I suppose I've always assumed that living organisms have an intrinsic value, not to mention their ecological significance. Even bacteria have their virtues. What they lack in personality, they make up for in useful nutrient recycling activities, or helpful gut-flora action.

However, I feel tempted to draw the line at viruses. These are entities - they can't even be called living things - that don't even bother to have their own cells. They lie around as inert capsules of DNA or RNA, only springing into action when they infect a cellular organism and hijack its cellular machinery to produce more virus genes. These genes get packaged in a protein coat and released into the world as more dormant viruses, which wait around to infect the next organism. A virus is the ultimate example of someone who needs to get a life of their own. Even parasites stoop to excreting and reproducing for themselves.

Maybe Richard Dawkins would understand the simple needs of the virus. The title of Dawkins' book The Selfish Gene refers not so much to the genetically determined selfish behaviour of organisms, but to the selfishness of the gene itself. This is because all the gene wants to do (not consciously, of course) is to produce more copies of itself. According to Dawkins, the carrier is merely the vessel of the gene. Evolution, and the variety of differently shaped bodies it has produced, represents increasingly sophisticated attempts by genes to package themselves in order to ensure their reproduction.

Judged on these terms, viruses are nature's car poolers, house sitters and refusers of plastic bags. They say no to unnecessary packaging. They don't waste valuable resources growing their own cells when there are plenty of other people's cells to go around.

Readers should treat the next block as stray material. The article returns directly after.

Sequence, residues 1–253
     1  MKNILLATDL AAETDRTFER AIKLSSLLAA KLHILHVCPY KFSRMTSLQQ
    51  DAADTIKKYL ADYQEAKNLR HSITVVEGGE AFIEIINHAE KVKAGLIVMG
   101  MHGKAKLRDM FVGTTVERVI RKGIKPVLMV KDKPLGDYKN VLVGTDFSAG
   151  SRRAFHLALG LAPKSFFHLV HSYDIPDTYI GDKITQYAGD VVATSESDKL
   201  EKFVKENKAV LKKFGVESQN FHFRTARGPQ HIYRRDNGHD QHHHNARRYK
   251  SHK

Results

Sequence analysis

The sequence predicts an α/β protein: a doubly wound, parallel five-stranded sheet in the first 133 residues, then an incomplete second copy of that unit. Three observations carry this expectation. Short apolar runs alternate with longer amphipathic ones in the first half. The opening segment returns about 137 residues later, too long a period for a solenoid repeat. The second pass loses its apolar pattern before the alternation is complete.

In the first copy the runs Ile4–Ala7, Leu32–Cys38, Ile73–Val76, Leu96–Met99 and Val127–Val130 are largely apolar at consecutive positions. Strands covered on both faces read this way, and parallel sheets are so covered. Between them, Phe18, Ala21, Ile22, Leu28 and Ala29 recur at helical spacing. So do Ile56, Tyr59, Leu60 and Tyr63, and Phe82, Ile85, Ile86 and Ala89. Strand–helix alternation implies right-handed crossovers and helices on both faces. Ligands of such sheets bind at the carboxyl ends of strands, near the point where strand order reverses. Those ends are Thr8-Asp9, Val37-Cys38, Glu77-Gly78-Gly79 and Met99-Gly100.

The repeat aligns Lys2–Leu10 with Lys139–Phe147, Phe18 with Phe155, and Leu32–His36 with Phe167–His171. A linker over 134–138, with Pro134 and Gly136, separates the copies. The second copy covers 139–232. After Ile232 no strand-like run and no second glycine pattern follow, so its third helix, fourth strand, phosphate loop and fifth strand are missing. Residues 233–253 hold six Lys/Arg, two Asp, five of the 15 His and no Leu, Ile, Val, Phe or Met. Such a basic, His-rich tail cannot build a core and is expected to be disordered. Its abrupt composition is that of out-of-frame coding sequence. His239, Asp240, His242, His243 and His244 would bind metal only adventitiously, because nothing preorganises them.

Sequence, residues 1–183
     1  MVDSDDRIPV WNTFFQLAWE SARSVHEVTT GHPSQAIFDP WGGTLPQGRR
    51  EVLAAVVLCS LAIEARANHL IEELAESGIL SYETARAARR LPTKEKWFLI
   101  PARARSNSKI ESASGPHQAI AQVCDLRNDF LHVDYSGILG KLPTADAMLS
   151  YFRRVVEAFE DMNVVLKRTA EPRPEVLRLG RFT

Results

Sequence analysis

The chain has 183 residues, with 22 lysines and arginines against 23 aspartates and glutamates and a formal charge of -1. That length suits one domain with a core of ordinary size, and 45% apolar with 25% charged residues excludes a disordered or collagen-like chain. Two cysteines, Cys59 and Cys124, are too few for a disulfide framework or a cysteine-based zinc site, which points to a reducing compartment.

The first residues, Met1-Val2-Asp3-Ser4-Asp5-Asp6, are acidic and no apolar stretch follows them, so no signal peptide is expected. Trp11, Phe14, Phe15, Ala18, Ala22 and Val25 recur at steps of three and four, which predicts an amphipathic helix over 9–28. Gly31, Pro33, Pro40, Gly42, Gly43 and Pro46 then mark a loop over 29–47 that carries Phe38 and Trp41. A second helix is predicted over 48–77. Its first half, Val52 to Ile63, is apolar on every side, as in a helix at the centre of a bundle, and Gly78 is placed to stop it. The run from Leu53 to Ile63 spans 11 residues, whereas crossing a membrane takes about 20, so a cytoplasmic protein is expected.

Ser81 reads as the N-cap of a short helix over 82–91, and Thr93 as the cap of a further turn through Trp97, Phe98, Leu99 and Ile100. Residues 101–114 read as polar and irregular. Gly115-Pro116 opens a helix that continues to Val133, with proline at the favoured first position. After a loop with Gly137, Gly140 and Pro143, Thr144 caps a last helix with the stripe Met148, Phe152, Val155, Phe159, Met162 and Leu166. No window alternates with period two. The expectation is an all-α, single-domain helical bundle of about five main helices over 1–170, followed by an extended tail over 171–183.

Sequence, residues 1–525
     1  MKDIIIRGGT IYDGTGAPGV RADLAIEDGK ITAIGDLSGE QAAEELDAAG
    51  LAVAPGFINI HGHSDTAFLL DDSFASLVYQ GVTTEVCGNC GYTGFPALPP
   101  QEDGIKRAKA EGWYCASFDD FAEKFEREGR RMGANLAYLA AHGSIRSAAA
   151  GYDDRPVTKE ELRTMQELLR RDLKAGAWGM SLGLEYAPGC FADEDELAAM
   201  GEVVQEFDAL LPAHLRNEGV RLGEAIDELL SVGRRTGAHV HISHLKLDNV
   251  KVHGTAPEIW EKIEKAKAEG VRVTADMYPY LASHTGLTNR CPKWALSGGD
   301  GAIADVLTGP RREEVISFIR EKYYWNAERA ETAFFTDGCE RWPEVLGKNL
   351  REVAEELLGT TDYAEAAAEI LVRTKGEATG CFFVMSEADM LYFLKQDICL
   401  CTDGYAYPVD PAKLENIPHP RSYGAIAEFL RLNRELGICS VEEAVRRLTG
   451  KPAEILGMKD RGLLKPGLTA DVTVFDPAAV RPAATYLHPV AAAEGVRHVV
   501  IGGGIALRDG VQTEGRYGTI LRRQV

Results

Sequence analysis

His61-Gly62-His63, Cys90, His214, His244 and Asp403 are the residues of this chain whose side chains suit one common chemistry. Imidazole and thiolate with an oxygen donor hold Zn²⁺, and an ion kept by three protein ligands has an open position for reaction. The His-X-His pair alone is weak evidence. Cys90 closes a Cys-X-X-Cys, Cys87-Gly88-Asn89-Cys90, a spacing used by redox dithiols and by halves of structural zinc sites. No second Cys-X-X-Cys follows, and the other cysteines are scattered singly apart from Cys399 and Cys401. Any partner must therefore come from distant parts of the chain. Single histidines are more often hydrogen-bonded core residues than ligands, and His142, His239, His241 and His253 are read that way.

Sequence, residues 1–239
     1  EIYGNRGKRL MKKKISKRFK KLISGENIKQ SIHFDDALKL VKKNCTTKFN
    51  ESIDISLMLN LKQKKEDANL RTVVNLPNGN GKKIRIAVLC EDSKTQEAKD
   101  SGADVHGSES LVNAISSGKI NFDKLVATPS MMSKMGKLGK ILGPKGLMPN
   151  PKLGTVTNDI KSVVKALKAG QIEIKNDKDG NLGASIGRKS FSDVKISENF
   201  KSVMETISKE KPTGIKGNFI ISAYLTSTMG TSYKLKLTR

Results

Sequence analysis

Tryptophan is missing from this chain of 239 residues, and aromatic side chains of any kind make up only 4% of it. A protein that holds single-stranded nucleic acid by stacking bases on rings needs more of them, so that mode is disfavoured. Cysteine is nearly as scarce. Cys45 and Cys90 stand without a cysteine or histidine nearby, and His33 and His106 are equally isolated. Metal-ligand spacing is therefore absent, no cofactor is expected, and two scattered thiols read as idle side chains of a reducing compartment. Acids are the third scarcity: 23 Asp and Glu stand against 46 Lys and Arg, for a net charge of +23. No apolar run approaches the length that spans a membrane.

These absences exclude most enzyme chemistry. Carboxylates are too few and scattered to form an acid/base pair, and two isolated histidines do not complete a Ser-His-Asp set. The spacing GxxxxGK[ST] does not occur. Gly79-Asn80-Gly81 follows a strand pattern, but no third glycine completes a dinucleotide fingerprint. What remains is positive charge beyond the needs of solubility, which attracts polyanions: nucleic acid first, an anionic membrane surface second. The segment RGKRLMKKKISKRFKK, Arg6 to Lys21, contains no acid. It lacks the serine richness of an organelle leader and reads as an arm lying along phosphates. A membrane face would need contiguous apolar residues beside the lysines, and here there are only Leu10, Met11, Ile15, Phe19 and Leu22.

But, as with a sanctimonious hippy, I just can't warm to them. When it comes to genes, I prefer the ones that have as much ornate gift wrapping as possible. The more colours and accessories the better.

Call me a sucker for a cheap gimmick, but these genes glow in the dark!

It's not just a visual aesthetic that counts against viruses. There's also a lack of narrative drama. Sure, swine flu got a lot of media coverage, but how did this make the virus feel? What does a pathogen really get out of life when it's incapable of conscious thought, unconscious thought, movement, sensory perception, feeding and mating? What is the point of viruses?

The elephant in the room, of course, is that viruses make a mockery of our limbs, brains, emotions, genitalia and rational thoughts. If we're just doing in a more elaborate way exactly the same thing they're doing with a few sticks of non-sentient genetic material and a protein coat, - that is, replicating our DNA ad infinitun - then we have to ask the question: what is the point of us? Which, in my books, is all the more reason to despise them. Essentially, I'm saying that I hate viruses because they are irreconcilably different to us, yet at the same time remind us of ourselves. Because this means I have to identify with something I hate, I only hate them more. Of course, Fascism is not always a good thing, but let's just say there's a time and a place.